The importance of considering failure
High IT project failure rates necessitate meticulous planning, skilled teams, and professional management to mitigate risks and ensure success.
The surveys show that around 70% of all IT projects failed at some stage and that somewhere in the region, 17% of all large-scale projects with big budgets went so badly that they threatened the very existence of the parent company itself. Additionally, the studies found that many participants on new, large-scale IT projects expect them to fail from the off-set. With this in mind, it’s more important than ever for businesses to identify potential problems before a project starts and accept that it may not be successful.
The project start
Setting a good project plan before anything gets underway is crucial, and understanding what role the project aims to fill through gathering customer requirements is also fundamental. Often, time pressures demand that a project gets underway as soon as possible, but rushing can significantly increase the chances of project failure and a wasted budget. It is ultimately much safer to spend time planning meticulously to ensure that the project is not only successful but viable.
Maintaining a close eye on a project from start to finish is also a must; otherwise, things can quickly fall apart no matter how much planning is done. Making sure to review and update a project plan regularly can help to overcome problems and avoid pitfalls during the development process. Also, providing clear feedback lines and responding to customers and the project team can speed up problem-solving and the overall process.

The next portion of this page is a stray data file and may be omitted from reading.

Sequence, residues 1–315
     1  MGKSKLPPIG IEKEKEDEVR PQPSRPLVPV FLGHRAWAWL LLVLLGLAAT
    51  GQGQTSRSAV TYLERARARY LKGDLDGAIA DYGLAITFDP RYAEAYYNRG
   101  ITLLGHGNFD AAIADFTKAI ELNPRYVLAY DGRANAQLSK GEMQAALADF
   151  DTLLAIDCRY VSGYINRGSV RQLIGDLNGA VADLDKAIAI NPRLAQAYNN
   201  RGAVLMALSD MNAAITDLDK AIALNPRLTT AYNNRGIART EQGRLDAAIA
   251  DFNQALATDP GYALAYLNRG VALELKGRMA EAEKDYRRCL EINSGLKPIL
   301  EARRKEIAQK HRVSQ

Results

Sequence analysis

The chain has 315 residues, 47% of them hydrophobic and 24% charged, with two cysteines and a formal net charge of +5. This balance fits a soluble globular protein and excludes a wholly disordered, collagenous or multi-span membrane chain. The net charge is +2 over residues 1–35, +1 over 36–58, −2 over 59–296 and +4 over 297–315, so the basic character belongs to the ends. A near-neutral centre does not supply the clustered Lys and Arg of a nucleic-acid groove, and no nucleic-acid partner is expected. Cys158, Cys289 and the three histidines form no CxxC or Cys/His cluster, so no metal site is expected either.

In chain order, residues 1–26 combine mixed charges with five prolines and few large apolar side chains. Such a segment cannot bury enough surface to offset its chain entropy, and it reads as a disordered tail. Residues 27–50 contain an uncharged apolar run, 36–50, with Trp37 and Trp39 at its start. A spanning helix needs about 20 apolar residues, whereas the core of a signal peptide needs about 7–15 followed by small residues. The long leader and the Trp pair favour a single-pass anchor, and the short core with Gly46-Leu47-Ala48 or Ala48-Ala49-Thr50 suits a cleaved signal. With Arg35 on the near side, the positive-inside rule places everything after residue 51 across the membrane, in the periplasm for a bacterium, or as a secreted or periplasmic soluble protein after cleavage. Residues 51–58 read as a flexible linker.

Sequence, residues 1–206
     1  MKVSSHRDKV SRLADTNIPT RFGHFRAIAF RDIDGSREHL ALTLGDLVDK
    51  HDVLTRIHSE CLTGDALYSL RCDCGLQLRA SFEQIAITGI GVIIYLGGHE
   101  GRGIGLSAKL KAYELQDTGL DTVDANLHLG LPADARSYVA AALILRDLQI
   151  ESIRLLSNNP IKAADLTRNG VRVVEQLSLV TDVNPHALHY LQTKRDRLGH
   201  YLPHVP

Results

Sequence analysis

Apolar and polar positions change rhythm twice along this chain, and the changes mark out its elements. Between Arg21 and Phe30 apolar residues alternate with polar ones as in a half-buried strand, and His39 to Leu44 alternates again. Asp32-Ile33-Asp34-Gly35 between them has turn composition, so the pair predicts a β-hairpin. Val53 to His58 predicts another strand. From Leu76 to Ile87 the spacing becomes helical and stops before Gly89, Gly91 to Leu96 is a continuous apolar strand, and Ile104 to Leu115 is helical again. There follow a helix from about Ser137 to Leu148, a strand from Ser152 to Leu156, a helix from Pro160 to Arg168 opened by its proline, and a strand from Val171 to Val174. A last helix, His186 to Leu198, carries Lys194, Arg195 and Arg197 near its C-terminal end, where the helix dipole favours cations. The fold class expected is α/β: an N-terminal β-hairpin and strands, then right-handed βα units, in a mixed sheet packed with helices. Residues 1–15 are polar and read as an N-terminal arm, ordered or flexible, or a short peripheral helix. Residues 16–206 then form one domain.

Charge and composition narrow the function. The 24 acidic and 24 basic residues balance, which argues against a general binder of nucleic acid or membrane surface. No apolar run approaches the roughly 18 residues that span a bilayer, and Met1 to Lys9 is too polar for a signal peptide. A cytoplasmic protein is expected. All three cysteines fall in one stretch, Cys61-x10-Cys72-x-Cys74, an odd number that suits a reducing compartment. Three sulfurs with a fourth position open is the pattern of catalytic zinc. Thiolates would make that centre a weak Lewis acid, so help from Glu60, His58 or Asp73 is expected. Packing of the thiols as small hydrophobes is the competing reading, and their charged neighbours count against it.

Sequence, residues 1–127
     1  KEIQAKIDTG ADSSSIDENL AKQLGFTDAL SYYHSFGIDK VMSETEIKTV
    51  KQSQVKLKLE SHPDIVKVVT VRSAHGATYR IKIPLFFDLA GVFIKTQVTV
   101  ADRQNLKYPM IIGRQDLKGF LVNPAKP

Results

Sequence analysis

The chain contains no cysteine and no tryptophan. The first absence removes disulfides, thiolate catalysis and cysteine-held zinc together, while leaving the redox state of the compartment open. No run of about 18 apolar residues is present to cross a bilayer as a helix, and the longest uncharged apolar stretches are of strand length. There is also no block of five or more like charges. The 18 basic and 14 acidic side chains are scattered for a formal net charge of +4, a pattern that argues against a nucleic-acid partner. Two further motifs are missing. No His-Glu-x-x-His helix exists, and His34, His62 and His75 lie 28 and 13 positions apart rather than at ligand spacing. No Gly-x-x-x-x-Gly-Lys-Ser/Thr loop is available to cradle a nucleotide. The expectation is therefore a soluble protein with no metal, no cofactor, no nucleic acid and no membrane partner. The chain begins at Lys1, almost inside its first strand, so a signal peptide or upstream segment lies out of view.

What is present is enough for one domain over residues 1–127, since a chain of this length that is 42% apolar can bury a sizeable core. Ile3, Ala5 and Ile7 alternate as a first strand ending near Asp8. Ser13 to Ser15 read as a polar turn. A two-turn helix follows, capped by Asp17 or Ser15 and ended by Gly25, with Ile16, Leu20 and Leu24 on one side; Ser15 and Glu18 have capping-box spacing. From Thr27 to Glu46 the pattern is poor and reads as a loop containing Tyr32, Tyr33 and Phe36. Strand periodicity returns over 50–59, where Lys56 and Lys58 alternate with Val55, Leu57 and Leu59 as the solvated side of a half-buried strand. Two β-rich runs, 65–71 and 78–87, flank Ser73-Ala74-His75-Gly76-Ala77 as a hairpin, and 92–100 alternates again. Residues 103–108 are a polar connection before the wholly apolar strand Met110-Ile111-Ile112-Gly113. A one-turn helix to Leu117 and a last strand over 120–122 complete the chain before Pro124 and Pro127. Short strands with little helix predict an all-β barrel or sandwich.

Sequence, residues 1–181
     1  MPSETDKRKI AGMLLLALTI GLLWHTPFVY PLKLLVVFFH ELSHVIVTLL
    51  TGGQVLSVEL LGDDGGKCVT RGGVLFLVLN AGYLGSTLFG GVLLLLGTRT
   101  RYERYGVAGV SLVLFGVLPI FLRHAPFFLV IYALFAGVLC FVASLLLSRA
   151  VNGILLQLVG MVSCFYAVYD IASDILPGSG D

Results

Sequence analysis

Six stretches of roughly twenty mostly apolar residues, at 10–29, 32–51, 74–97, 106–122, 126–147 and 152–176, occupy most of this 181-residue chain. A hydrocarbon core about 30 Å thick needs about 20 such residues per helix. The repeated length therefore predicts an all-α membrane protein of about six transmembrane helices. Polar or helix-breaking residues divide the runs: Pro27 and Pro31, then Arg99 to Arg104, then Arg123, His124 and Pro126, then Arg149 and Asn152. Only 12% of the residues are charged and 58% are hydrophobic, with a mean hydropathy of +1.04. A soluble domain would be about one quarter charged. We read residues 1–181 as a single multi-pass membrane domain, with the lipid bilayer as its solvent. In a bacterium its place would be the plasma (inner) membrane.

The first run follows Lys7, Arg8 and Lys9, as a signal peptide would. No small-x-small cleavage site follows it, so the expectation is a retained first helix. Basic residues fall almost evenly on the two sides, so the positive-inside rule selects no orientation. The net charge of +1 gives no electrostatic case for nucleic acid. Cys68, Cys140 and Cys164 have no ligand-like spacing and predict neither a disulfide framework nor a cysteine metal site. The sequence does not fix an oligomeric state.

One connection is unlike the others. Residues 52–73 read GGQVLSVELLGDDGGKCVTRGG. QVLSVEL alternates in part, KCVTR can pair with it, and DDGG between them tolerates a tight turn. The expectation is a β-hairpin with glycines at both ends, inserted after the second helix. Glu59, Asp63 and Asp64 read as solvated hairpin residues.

The right team
An important question is whether your staff has enough capable members to implement the project in the first place. If skills are lacking, the project will most likely run over budget and result in much wasted time. The worst-case scenario could mean that external professionals must be called in and start the project from scratch – a costly and time-consuming result.
Handling the failure
Perhaps most importantly, the question of whether your company can weather a failed project must be posed. If the risks of failure could result in severe ramifications for your company, it can often be worthwhile to bring in outside help. Again, it would help if you questioned whether managers and teams can provide the necessary skills. If not, starting up a significant project could be a severe risk.
Bringing a dedicated, professional team to plan, manage, and implement your project is often a much better approach. Costs will soon be recuperated once the project is successful, and the additional stress and burden of running such a task won’t be placed on an already busy internal workforce. Professionals will know how to engage and manage customer expectations effectively, too, so there is much less risk of having a highly visible disaster on your hands. Suppose there are doubts about skill levels, the possibility of failure, or the proper job management. In that case, the safest option is nearly always going to be outsourcing the project to experienced professionals.
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